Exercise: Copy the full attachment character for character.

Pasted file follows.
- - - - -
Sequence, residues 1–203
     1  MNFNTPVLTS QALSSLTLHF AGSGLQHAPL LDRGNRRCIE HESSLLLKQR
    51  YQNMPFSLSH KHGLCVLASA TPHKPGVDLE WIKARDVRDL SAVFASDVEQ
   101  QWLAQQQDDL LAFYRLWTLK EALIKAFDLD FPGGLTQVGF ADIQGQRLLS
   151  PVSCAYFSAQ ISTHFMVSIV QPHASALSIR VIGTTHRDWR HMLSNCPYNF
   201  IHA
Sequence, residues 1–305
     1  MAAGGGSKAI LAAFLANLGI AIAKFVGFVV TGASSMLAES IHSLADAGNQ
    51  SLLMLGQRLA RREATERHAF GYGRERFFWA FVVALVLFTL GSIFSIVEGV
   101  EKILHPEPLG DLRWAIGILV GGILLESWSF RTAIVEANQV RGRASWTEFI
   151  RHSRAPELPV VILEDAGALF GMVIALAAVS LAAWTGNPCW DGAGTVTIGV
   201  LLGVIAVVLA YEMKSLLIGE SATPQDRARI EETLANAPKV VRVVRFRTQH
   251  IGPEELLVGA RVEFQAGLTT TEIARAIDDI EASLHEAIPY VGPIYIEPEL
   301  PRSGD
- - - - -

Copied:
Sequence, residues 1–203
     1  MNFNTPVLTS QALSSLTLHF AGSGLQHAPL LDRGNRRCIE HESSLLLKQR
    51  YQNMPFSLSH KHGLCVLASA TPHKPGVDLE WIKARDVRDL SAVFASDVEQ
   101  QWLAQQQDDL LAFYRLWTLK EALIKAFDLD FPGGLTQVGF ADIQGQRLLS
   151  PVSCAYFSAQ ISTHFMVSIV QPHASALSIR VIGTTHRDWR HMLSNCPYNF
   201  IHA
Sequence, residues 1–305
     1  MAAGGGSKAI LAAFLANLGI AIAKFVGFVV TGASSMLAES IHSLADAGNQ
    51  SLLMLGQRLA RREATERHAF GYGRERFFWA FVVALVLFTL GSIFSIVEGV
   101  EKILHPEPLG DLRWAIGILV GGILLESWSF RTAIVEANQV RGRASWTEFI
   151  RHSRAPELPV VILEDAGALF GMVIALAAVS LAAWTGNPCW DGAGTVTIGV
   201  LLGVIAVVLA YEMKSLLIGE SATPQDRARI EETLANAPKV VRVVRFRTQH
   251  IGPEELLVGA RVEFQAGLTT TEIARAIDDI EASLHEAIPY VGPIYIEPEL
   301  PRSGD